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Abbé Warré's book
Honey From Warré Hive Combs
Warré combs will usually be all or partly used for brood. The boundary between the honey only area at the top and the brood area below is usually sufficiently clear to enable the top part to be cut out and used as cut comb honey. Cut comb honey can be consumed directly without having to cope with a mouthful of cocoons. If consumed directly, any wax can be spat out or swallowed.
The photo below shows a comb partly filled with honey. The red arrow points to a small area suitable for cut comb.
Below: example of a Warré comb supported by Langstroth frame parts cut down to fit a Warré and with the bottom rails omitted. It shows comb containing entirely honey and suitable for cut comb (Photo: Margie Schwartz).
For the rest of the comb that is unusable as cut comb, the honey usually has to be extracted somehow. It is sometimes stated that the less processing it undergoes during extraction the better is the retention of the bouquet of flavours of the original honey. Accordingly, simply squeezing the honey slowly out the comb, usually with a press, or letting the honey drain through a sieve after cutting open the cells are the next best options short of having cut comb on your plate.
There are various methods for getting the comb out of the box. One is to invert the box, cut through the connections to the walls with a serrated knife such as a bread knife, return the box to upright over a food grade plastic container and remove the top-bars, letting the combs drop into the container. Here is a video in French of Olivier Duprez demonstrating that method as he extracts honey from a Warré box: http://youtu.be/KeLSfDzuaL8 . Another method, with the box upright, is to use a comb knife to free the combs from the box walls, remove them one at a time and cut off the top-bars, leaving 5 mm of comb on the bar as a starter for when it is put back into use. A third method, probably better suited to those with a lot of boxes to harvest, is to use a comb spade.
The following photos and description of the comb spade are from
Bill Wood (Oregon). "The photo below left shows the tool itself. It was called a
scraper or floor scraper and had a six foot long handle made of Ash. I removed the long
handle from the scraper head and mounted a childs shovel handle to create a
short-handled flat spade. Below right shows the resultant tool inserted in an upside down
box of comb. I force the spade head down along the four inside walls of the box hard
enough to loosen the propolized top bars from the box top. After that quick operation, the
box may be easily lifted off and away."
Below right shows the resultant tool inserted in an upside down box of comb. I force the spade head down along the four inside walls of the box hard enough to loosen the propolized top bars from the box top. After that quick operation, the box may be easily lifted off and away."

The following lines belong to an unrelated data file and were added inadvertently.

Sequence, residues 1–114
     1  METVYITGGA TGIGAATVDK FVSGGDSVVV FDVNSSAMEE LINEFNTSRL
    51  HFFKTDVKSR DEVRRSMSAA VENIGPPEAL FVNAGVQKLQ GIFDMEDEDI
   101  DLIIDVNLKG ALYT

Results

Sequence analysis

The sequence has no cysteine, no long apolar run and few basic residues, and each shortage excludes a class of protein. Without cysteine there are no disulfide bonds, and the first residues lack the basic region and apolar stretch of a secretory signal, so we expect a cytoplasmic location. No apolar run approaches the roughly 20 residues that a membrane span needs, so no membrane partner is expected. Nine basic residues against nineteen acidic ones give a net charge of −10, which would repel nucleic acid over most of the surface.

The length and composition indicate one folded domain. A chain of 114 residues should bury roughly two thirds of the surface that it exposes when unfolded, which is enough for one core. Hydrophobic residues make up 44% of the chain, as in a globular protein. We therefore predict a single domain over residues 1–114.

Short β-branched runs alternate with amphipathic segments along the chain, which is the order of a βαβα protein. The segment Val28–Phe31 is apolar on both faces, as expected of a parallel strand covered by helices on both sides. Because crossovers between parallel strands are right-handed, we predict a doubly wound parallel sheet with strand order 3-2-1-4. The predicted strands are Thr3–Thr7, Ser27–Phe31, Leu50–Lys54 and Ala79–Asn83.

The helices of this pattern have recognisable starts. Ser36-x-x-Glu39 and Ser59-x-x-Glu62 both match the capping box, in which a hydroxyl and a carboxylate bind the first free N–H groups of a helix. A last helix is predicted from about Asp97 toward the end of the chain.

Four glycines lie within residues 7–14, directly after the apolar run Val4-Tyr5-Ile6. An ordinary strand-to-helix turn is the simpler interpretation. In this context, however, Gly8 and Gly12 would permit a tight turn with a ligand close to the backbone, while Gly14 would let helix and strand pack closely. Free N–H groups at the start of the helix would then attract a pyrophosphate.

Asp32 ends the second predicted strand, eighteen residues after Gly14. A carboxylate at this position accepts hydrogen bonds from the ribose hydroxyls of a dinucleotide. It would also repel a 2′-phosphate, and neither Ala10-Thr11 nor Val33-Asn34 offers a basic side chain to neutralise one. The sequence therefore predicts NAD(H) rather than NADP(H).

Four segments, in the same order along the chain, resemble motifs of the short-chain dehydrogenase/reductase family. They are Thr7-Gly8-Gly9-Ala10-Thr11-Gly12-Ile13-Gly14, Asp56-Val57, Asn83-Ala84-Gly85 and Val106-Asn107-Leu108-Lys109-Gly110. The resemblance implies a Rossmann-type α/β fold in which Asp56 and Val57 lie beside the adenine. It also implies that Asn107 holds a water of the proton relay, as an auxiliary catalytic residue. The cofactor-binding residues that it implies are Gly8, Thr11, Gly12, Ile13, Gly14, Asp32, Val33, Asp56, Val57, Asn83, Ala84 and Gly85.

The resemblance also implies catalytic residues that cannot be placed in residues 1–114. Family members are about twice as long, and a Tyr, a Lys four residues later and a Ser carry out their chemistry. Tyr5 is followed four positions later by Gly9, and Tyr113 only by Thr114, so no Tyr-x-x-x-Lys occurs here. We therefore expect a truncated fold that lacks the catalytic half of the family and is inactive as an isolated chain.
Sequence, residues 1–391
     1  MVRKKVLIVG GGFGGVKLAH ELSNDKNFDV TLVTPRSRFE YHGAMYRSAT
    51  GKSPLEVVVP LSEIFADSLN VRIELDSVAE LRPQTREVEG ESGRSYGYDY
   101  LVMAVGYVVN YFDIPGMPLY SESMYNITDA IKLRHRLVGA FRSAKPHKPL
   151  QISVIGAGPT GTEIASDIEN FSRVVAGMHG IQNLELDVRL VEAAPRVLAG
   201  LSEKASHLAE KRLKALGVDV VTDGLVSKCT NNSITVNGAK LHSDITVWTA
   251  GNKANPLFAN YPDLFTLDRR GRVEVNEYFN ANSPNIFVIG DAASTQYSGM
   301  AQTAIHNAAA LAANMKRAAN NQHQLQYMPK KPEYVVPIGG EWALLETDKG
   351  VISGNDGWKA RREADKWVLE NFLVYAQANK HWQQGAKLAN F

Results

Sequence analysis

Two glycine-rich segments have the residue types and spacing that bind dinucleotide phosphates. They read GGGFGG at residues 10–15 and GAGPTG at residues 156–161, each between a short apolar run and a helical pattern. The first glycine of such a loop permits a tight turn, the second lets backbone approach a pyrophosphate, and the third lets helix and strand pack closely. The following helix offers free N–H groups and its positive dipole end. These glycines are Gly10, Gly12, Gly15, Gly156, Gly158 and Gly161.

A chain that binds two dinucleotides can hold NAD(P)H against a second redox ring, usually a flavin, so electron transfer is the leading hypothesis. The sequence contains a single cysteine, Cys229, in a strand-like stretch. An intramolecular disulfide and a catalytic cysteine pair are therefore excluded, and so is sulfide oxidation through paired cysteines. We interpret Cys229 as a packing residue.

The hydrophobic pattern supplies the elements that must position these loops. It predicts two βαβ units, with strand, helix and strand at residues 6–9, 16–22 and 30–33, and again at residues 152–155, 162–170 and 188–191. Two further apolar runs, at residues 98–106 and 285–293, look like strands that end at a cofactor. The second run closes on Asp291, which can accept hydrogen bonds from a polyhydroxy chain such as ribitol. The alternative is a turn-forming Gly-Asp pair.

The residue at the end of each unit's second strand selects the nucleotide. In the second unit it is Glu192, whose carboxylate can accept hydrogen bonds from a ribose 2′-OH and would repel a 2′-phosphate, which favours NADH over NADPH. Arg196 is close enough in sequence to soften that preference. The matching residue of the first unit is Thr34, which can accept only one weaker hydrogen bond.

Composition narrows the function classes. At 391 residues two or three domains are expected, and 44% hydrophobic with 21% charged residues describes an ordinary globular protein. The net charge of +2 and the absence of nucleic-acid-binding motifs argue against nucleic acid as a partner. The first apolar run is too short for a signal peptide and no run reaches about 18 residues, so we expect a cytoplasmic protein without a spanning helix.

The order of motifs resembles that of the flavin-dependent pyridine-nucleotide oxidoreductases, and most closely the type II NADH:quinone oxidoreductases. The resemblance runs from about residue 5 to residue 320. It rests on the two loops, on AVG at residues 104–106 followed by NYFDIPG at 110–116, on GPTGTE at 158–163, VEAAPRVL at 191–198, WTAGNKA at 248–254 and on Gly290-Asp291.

The photos immediately below show the freed combs, ready for grading.
Pressing is described on a separate page. Here we give some suggestions for extraction by cutting (or crushing) and draining as well as centrifuging combs in cages as Warré described in Beekeeping for All. For some, the challenge will be scaling-up the draining method to take at least all the comb from a full box of honey, which could weigh over 15 kg. For others, the ordinary utensils available in the kitchen will suffice.
1. Dav Croteau's crush and drain method
(See also Larry Garrett's crush and strain method using all food grade utensils.)
Take 2-five gallon buckets with 2-covers. In one cover cut out a center hole leaving an inch or so lip on which to to set the top bucket (red). The top bucket gets 1/4" (6 mm) holes drilled in the bottom about an inch (25 mm) apart.
The bottom bucket (white) has a honey valve in the bottom. (In this photo the bucket still has a bit of granulated honey at the bottom.)
Put a five gallon mesh bag in the top bucket and add the crushed comb.
Cover and let drain for a few days.
Putting the buckets in the greenhouse to drain where it is warm/hot speeds the flow. Setting them in the sun during the day would speed things up.
The drained comb is pressed free of any trapped honey using an Enterprise sausage stuffer as illustrated on the presses page.
2. David Heaf's cut and drain method
As there is sometimes pollen present under capped honey in the comb and too much maceration of the comb could release the pollen, causing a turbid product, one option is to cut the comb with a sharp knife. This releases very little pollen into the honey.
Full details of this method are given on David Heaf's website. As with Dav Croteau's method, the comb fragments are squeezed free of residual honey in a press.
2. Warré's centrifugation method as
implemented by Tobi Schwenn ( http://sustainbees.com/Honey.php )
Warré's method is shown on pages 61-64 of Beekeeping for All.
After removing the combs from the hive box, they are uncapped, placed in cages made of perforated food grade stainless steel and centrifuged four at a time in a manual tangential extractor whose drum and basket are made of food grade stainless steel. After spinning the honey out of one side of each comb, the cages are rotated to extract from the other sides.
Left: Warré combs ready for uncapping. Right: The tangential extractor with four comb cages.
Left: Using an uncapping fork. Right: The extractor spinning.
A Warré comb emptied of honey by spinning.